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# For undergrad non-business candidates, what (if any) graphs should we be prepared to draw?

Bain BCG McKinsey
Recent activity on Sep 17, 2018
1.8 k Views

I saw a Bain case on youtube (couldn't workout if it was an MBA hire or not) but the interviewer asked the candidate to draw an occupany graph.

What other types shall we learn and where can we learn them?

• Date ascending
• Date descending

By the way: An "occupancy graph" is not a defined type of graph, but rather a chart (could be a line) that plots occupancy (of whatever, a hotel maybe) against some other variable.

The challenge is to pick a graph that makes sense for the question/data at hand. So for what I do use stacked bars vs. clustered bars? When do I scale to 100% and when do I use absolute numbers? When does a waterfall chart make sense?

At the consultancy I started we had a training which was called "from data to chart" - very useful.

Generally things are kept relatively straightforward: I'd say just ensure you're familiar with bar charts (stacked and clustered, 100% and not), line charts and scatter charts. Bain has an aversion to pie charts, so I'd avoid those.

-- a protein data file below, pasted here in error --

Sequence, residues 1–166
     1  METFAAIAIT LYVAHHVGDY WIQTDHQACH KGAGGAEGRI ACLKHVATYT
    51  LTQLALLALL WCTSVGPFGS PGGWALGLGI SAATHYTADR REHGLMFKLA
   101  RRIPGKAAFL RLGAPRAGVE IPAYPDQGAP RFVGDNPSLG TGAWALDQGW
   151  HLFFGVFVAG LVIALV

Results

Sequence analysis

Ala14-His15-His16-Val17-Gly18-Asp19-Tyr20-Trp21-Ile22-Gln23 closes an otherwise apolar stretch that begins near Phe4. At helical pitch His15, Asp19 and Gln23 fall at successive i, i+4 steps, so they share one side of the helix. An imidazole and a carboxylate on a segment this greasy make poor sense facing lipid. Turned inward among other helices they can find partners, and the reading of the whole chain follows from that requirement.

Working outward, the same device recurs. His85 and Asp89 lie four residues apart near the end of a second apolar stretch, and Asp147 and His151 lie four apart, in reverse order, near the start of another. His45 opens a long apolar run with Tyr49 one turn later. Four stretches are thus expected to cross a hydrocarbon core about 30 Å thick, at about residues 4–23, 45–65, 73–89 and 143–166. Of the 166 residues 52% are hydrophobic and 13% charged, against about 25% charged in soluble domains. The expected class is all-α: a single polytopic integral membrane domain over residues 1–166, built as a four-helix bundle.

The interview is more about fundamentals than specific knowledge (obviously slightly different for experienced hires/ experts), so you shouldn't usually have to worry about hugely complex advanced business or statistical concepts.

Any consultancy has an aversion to pie charts. We joked that it was a fireable offense at BCG :-D

Hi,

Here are some sources to learn from (prioritized):

1. Study "Say it with Charts" book by Barbara Minto
2. Learn basic statistics (Any GMAT or MBA prep guides)
3. Check all available MBB presentations and publications. Practice to derive conclusions and check yourself with the actual ones from the article / presentation
4. GMAT IR part (Official guide and Manhattan prep)
5. "Consulting Bible" and "Vault guide for consulting" - check the chapters on cases with graphs in these books

Good luck!